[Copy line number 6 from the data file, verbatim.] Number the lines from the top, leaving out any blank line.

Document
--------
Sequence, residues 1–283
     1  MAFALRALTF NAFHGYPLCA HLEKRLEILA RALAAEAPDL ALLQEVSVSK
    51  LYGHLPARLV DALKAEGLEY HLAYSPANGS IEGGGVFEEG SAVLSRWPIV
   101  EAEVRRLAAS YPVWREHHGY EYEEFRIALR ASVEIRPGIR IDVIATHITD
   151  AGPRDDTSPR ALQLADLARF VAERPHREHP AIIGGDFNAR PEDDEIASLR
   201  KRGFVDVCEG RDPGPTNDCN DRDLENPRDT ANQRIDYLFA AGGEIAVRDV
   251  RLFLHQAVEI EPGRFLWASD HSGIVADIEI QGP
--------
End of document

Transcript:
   201  KRGFVDVCEG RDPGPTNDCN DRDLENPRDT ANQRIDYLFA AGGEIAVRDV